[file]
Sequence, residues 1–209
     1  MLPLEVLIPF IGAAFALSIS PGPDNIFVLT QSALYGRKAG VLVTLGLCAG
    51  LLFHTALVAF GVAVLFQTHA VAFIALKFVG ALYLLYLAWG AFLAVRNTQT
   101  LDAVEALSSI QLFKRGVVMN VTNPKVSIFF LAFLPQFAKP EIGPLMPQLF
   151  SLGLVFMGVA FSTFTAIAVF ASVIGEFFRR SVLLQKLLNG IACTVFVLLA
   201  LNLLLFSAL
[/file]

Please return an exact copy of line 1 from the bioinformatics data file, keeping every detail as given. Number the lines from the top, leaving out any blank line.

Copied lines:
Sequence, residues 1–209